Neanderthals’ backbones explain why so many of us struggle with lower back pain today
Neanderthals might hold clues as to why modern humans suffer lower back pain, according to a new study. Their backbones show that much pain suffered today is from less physical activity, bad posture, and the use of furniture.
Back pain can be first identified in humans after the turn of the industrial era in the late 19th century when most jobs went from agriculture and high-activity to sitting down. Spine analysis previously assumed that our pre-modern day human ancestors had different spines due to evolution. But researchers examining intact spines from across the centuries have found that actually spines stayed the same until around 1900.
Following this the spine’s curvature changes which is caused in part, by a “wedging,” of vertebrae and the intervertebral discs, the softer material between the vertebrae.
For the study, researchers examined more than 300 spines of pre-industrial and post-industrial spines of male and female humans from around the world. Overall, they found that spines in post-industrial people showed more lumbar wedging than did those in pre-industrial people. In fact, Neanderthals’ spines were significantly different from those in post-industrial people but not from pre-industrial people.
Notably, the scientists found no differences linked to geography within samples from the same era.
“Neanderthals are not distinct from modern humans in lumbar wedging and therefore likely possessed curved lower backs like we do,” says co-author Dr. Scott Williams, an associate professor at New York University, in a statement. “However, over time, specifically after the onset of industrialisation in the late 19th century, we see increased wedging in the lower backbones of today’s humans—a change that may relate to higher instances of back pain, and other afflictions, in postindustrial societies. A good part of this perspective derives from the wedging of Neanderthals’ lumbar, or lower, vertebrae—their spines in this region curve less than those of modern humans studied in the US or Europe.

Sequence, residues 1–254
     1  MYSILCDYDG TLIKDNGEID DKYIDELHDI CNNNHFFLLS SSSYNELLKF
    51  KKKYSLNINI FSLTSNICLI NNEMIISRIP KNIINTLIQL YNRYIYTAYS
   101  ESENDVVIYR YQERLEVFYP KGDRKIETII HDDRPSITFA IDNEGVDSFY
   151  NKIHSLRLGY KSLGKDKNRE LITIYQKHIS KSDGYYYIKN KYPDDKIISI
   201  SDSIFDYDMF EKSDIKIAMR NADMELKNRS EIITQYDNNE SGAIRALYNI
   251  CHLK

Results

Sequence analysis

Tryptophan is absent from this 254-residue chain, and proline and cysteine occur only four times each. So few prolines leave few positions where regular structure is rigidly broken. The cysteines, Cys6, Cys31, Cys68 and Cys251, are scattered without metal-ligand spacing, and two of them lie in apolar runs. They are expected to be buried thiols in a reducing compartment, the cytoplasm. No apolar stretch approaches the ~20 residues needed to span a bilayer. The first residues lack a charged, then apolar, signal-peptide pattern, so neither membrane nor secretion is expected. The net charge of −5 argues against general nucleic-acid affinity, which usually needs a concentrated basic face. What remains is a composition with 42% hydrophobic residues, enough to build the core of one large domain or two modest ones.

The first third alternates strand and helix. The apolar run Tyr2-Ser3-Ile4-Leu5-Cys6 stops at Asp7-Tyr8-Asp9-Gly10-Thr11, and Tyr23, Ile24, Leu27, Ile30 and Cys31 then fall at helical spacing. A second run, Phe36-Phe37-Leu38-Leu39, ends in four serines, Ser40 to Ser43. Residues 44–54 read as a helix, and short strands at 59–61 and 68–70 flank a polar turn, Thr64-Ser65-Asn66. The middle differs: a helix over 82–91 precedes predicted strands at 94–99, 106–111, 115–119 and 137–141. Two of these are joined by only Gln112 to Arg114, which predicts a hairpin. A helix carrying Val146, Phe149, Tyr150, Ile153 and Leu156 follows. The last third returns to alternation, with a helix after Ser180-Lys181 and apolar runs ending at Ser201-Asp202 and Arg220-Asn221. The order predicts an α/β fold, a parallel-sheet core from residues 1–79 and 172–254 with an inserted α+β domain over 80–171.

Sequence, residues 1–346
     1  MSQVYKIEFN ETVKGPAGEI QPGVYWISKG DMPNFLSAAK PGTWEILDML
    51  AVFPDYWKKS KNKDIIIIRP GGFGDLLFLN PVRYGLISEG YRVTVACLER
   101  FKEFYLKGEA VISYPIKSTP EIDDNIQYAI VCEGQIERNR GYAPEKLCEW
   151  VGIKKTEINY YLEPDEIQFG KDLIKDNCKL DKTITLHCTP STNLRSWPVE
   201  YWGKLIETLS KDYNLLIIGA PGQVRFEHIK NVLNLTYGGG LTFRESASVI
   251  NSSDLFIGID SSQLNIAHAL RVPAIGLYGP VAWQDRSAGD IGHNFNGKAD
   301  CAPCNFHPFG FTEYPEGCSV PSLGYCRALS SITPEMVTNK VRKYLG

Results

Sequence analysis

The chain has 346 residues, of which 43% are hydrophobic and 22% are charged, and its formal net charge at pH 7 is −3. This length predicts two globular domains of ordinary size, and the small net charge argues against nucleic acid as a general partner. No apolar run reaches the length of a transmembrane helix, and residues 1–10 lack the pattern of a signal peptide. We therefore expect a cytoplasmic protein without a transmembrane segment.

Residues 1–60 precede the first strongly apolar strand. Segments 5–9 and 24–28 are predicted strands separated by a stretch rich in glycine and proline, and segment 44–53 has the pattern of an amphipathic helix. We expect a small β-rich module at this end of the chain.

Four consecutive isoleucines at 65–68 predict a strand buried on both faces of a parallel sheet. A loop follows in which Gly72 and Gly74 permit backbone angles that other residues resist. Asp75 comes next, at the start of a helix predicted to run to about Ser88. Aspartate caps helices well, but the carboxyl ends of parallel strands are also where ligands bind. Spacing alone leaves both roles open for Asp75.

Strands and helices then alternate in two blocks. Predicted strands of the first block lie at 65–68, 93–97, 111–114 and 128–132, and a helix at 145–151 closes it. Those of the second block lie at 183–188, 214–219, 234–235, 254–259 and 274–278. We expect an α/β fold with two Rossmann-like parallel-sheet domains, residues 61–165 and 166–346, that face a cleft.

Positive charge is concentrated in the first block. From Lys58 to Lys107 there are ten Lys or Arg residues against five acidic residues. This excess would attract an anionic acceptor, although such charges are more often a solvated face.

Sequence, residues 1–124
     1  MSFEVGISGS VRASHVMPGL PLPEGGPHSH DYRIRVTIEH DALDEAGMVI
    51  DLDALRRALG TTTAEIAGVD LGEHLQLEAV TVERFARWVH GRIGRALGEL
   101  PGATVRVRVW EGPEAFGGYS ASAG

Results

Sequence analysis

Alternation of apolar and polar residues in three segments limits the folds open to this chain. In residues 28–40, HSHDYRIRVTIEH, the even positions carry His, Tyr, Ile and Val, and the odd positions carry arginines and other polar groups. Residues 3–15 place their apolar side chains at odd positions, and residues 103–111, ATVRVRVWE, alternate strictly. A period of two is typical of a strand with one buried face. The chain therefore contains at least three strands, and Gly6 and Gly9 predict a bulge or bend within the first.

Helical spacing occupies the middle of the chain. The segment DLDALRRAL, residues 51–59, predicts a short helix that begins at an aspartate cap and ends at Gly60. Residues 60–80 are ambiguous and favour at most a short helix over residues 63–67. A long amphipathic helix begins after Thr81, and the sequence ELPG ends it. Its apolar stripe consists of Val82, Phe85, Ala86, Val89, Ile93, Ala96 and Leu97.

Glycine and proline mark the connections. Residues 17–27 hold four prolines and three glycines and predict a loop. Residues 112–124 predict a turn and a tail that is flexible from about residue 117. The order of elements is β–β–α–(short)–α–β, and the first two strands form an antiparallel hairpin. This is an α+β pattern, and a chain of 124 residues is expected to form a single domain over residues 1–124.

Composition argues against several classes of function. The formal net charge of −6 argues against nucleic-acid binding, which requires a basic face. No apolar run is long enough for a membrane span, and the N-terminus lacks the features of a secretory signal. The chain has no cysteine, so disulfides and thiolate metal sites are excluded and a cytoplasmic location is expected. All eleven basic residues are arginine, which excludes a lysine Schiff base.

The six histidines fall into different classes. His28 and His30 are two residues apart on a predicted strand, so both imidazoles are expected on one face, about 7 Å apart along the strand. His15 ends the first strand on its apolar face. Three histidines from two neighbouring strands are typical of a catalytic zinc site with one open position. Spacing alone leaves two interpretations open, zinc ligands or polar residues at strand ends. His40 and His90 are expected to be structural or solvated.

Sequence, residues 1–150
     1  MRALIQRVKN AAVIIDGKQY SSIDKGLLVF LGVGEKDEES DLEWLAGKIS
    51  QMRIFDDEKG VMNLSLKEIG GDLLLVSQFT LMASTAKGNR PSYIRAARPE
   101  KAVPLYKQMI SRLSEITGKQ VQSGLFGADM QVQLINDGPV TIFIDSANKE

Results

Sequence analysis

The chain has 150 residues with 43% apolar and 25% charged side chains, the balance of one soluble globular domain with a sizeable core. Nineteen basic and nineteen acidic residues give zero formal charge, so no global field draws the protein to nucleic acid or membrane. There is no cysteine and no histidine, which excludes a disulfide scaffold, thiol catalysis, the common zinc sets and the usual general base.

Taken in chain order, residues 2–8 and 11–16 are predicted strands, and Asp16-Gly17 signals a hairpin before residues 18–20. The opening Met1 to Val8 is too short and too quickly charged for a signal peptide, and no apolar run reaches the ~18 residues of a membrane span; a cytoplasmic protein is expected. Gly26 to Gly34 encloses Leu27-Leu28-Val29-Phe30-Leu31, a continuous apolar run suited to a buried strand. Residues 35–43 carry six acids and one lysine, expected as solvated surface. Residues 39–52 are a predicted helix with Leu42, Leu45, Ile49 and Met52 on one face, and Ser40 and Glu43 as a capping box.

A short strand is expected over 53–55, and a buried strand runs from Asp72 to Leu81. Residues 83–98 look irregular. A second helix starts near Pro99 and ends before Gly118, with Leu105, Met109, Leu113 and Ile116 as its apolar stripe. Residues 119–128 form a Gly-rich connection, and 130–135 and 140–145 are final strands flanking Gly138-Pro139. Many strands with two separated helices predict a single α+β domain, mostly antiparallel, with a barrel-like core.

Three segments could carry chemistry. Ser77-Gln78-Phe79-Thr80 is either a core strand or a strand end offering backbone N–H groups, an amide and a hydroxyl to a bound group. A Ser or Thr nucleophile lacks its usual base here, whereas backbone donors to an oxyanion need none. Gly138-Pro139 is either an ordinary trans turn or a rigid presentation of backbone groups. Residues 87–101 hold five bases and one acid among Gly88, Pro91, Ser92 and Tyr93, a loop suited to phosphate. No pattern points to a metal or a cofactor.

“Past research has shown that higher rates of low back pain are associated with urban areas and especially in ‘enclosed workshop’ settings where employees maintain tedious and painful work postures, such as constantly sitting on stools in a forward-leaning position,” Williams continues. “A pre-industrial vs. post-industrial lifestyle is the important factor. Lower back curvature is made up of soft tissues (i.e., intervertebral discs), not just bones, so it cannot be ascertained that Neanderthals’ lumbar lordosis differed from modern humans. The bones are often all that is preserved in fossils, so it’s all we have to work with.”
The researchers blameless physical activity and bad posture among modern humans, along with the use of furniture, which of course can cause both of those issues. Soft tissue that helped keep early humans more upright is less developed today, only adding to the problems from bad posture.
“To compensate, our lower-back bones have taken on more wedging than our pre-industrial and Neanderthal predecessors, potentially contributing to the frequency of lower back pain we find in post-industrial societies,” says Williams.